Arriving at midlife, we have all experienced physiological changes. Our skin becomes less elastic, our muscles begin to atrophy, and the evidence of our years is worn on our faces. The changes are imperceptible at first, a gradual fading until one day we look in the mirror and the youth that we feel inside is not reflected back. When this occurs, do we accept the transformation or do we challenge the preconceived ideas and prevailing standards of what it means to age?
Youth-Centric Standards of Beauty
Our youth-centric society comes with a scorecard, rating our standard of beauty: the fewer the flaws, the higher we measure. Perhaps this is one reason why so many of our generation hesitate to let their silver shine. But now a shift in attitude is upon us and many silver-haired men and women have the confidence to headline the pro-aging movement.
So, the question is: Is age a flaw?
The beautiful lines of a mid-century modern home are no less exquisite having withstood time, so as we age can we not also be human examples who have weathered the storms of life?
“It is the age that creates the character”
It is the age that creates the character of a centuries-old farmhouse table or the worn stones of ancient ruins, both instilling timeless beauty.
Perhaps because we live in a society that has planned obsolescence in its manufacturing designs and a bigger, better, more mentality of consumerism, it is common to think, if something gets old or breaks it has lost its value. If it’s too hard to fix, get a new one.
If we are unable to get a new one, does that make the object that we repair less than perfect? Does it feel less worthy once there is a scrape or dent in it?
There is a Japanese technique called kintsugi; it means golden repair. When an item of pottery has broken, it is not thrown away nor deemed useless. Instead, it is repaired by highlighting the break, bringing attention to it.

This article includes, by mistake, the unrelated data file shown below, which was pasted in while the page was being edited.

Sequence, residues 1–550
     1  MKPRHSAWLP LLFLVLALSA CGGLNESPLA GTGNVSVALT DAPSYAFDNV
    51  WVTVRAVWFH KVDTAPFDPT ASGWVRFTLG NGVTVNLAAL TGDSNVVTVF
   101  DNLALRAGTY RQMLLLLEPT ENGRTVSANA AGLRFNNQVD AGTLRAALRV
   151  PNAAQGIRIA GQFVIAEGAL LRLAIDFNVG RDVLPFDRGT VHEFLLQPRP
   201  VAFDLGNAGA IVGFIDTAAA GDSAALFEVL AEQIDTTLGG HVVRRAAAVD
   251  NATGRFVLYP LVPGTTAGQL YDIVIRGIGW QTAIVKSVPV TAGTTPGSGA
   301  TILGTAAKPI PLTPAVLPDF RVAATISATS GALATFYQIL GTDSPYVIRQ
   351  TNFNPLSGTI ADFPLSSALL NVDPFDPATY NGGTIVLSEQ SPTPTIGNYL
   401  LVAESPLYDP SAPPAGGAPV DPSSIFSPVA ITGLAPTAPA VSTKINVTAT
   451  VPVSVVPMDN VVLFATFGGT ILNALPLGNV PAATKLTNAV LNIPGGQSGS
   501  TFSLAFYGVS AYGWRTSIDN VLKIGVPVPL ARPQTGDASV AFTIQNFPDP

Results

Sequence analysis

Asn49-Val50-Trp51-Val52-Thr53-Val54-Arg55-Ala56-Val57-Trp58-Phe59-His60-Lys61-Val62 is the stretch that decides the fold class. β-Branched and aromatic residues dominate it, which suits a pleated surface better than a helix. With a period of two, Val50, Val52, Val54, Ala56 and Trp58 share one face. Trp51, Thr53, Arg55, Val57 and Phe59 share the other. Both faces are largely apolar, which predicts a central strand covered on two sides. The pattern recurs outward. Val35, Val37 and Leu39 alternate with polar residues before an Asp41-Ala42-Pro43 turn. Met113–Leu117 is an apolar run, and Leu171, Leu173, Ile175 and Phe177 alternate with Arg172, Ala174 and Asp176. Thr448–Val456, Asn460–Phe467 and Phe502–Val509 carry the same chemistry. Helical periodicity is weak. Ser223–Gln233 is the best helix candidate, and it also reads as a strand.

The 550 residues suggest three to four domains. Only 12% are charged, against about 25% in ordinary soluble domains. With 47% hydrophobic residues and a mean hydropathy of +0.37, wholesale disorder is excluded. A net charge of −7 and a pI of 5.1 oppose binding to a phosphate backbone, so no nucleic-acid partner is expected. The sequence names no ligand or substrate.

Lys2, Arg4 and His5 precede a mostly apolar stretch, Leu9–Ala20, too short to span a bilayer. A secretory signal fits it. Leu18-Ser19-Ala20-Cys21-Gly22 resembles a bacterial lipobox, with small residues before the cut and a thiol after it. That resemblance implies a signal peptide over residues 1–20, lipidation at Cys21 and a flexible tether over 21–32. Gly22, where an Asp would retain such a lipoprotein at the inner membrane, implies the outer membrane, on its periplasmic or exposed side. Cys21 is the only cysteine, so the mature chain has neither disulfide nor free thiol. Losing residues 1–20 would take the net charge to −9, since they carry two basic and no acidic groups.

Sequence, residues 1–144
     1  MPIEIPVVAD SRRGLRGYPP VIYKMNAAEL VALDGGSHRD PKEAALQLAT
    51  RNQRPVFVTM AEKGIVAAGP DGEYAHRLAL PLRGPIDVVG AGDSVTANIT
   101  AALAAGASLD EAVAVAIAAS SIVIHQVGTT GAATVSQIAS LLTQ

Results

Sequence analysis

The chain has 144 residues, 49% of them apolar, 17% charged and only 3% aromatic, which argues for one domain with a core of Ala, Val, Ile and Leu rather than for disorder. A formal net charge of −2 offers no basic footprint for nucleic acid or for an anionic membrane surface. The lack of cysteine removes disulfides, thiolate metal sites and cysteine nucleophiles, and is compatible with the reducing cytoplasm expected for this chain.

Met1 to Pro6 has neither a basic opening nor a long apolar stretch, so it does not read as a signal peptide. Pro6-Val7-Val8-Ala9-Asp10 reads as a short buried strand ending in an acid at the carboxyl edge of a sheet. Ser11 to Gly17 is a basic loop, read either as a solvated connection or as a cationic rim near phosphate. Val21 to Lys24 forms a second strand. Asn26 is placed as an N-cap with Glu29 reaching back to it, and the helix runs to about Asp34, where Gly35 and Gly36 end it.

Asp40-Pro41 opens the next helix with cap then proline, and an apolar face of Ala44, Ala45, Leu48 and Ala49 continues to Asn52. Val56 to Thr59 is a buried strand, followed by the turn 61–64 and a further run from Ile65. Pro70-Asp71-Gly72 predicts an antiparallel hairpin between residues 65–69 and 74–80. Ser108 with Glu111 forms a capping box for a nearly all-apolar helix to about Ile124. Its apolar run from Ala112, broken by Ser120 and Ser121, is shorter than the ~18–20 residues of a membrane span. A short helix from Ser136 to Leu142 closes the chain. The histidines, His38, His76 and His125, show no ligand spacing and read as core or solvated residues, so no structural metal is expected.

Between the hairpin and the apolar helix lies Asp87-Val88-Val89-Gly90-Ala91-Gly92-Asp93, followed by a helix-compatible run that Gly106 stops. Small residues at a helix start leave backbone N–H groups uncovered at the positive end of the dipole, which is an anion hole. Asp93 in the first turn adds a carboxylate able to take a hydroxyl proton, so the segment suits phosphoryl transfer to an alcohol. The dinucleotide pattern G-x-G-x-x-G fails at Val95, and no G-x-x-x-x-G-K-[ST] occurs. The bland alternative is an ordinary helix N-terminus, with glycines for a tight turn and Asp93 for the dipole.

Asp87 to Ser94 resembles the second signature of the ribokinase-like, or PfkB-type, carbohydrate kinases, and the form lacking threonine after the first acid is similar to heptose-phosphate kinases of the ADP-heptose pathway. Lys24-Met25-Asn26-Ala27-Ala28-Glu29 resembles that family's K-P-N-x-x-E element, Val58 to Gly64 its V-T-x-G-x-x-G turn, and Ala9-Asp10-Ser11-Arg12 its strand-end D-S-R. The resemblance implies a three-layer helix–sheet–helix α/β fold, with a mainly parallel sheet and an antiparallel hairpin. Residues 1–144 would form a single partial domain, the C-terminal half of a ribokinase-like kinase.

The broken pottery pieces are bound together with gold or silver-dusted lacquer. The lacquer is then poured into the crack or used to adhere the fractured pieces together. The essence of the gold or silver fortifies and strengthens the broken item and transforms it.
The same object now becomes a more refined version of what it once was. The golden cracks add value, beauty, and strength, amplifying the uniqueness of each piece.
The golden repair carries a beautiful message. It proposes we should not toss away an object because it is flawed.
Pride in a New Phase
Now moving into a new phase, we have earned the right to display our age proudly. Our creases and wrinkles may not be filled with golden lacquer but they contain something of higher value: wisdom.
It is time to readjust how we judge the external. By taking our lead from the golden repair, we can find beauty, value, and strength in our own perceived flaws. It only requires a shift in our self-perceptions.
To become who we are meant to be means to let go of who we once were. Nothing in nature stands still; why do we insist we do? We must walk in the skin of who we are, or we will always be looking for ways to prove our worthiness.
Our lifelong experiences have provided us wisdom. In essence, maturity is a gift given to us, and with it the need for others to define us ceases to exist.
Stand tall with knowing we are perfect at every age, for every age has its perfection.
HMU: Joanna Wood